The Washington Post covers Americans United to Protect Social Security, a new labor-driven group staffed by Democratic political operatives which aims to raise and spend $25 to $50 million -- our source put it at $40 million -- to defeat Bush's plan.

Even though (we'll repeat again) USA Next took that AARP/gay marriage ad off its website after several hours, Dean's former group Democracy for America is the latest organization on the left to seek to make hay of it.  The DFA release calls USA Next "the same hatchet group that ran the Swift Boat ads in the 2004 Presidential election" (which isn't quite the case; the group is advised by many of the same people).  DFA "has started an online petition drive asking television stations not to abet this type of slanderous platform and not to air any ads produced by USA Next.  The petition... will be delivered to every television station that aired the Swift Boat ads in 2004 and intends to air ads by USA Next in 2005."  (Although if we recall correctly, the Swiftee ads ran in just a few states, and USA Next hasn't announced plans for TV ads.)

The Governors
Last week, we ran an interview with red-state Gov. Joe Manchin (D), who suggested that Democrats can win in culturally conservative states like his own West Virginia if they just "be themselves and realize that issues such as abortion, guns, and gay marriage are personal issues, not political ones."  A Democratic consultant who works on the federal side immediately retorted in a not-so-gently-phrased e-mail that the party's governors benefit -- in red states and generally -- from not having to run on the war and terrorism, the two issues which he said encumber Democrats the most at the federal level.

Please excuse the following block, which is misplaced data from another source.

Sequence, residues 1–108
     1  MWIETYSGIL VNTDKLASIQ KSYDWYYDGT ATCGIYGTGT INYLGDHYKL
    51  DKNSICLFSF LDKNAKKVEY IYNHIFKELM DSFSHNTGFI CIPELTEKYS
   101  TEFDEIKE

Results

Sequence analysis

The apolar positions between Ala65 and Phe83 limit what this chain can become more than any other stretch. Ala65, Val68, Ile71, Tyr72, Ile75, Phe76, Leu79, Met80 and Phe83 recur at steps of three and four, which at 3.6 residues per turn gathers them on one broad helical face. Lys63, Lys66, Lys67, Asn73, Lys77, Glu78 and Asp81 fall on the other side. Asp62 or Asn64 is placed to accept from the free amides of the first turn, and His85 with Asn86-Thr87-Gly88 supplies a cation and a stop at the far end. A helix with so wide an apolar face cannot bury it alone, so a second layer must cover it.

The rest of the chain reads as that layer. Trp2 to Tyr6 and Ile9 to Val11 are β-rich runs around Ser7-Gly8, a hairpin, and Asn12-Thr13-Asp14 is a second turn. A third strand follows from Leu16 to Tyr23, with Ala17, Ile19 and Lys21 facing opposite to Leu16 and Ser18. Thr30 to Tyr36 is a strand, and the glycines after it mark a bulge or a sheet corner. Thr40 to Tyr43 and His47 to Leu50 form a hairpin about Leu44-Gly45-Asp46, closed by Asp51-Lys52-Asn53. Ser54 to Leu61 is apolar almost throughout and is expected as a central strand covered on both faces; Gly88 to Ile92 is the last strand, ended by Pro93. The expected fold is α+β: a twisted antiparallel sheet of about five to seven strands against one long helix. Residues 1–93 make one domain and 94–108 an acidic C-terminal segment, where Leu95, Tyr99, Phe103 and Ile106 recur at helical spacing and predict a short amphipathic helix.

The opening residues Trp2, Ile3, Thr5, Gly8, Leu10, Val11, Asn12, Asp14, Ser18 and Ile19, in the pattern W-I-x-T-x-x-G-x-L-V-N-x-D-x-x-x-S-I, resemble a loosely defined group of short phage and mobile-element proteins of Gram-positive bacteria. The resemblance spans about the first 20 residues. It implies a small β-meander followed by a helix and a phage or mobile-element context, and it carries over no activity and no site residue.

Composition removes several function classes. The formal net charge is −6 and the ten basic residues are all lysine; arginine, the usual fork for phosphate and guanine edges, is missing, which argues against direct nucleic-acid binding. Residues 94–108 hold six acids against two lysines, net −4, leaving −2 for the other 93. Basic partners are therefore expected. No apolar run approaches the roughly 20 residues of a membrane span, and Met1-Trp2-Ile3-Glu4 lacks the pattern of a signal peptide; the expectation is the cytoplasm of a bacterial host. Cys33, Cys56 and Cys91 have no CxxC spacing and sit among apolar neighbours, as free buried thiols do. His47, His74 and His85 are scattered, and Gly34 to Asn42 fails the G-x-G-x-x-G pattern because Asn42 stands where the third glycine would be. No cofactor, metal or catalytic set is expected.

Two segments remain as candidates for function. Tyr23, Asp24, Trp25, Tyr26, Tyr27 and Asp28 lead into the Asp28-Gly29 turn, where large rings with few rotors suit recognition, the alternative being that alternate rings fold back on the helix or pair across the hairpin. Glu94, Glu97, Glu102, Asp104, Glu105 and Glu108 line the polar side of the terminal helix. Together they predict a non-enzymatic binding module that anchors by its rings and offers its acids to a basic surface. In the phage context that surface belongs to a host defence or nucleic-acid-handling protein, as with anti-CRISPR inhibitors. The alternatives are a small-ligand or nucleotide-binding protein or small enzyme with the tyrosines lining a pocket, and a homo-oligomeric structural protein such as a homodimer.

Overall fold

Another Democratic strategist who has worked with both US senators and governors agrees that security issues can be a hurdle for the party's candidates at the federal level and adds, "No (Democratic) senator wants to say oh my God, no senator is ever going to get elected president.  But an element of 'I told you so' emanates from the states and state parties and governors" in the wake of Sen. John Kerry's 2004 loss. 

With that, and to kick off the NGA meeting, we remind ourselves of the many upsides and a few downsides for governors running for president.  For scorekeeping purposes, Democrats' 2008 presidential field currently is believed to include -- though may not be limited to -- Governors Richardson, Vilsack, and Warner, and Senators Bayh (a former governor, but now with a voting record), Biden, Clinton and Kerry, plus former Senator Edwards.  The GOP field is generally thought to include Governors Pataki, Romney, and Sanford, and Senators Allen, Frist, Hagel, McCain and Santorum.

1) It's tough to nationalize a governor's race.  Although, therefore, you may never have run in a nationalized election before.

2) General election opponents can't mine your voting record, hold every vote cast on every spending bill against you, and harpoon you for agreeing or disagreeing with your party's Hill leadership.  (And for Democratic governors, your record on national security issues is a clean slate when you arrive in dovish Iowa.)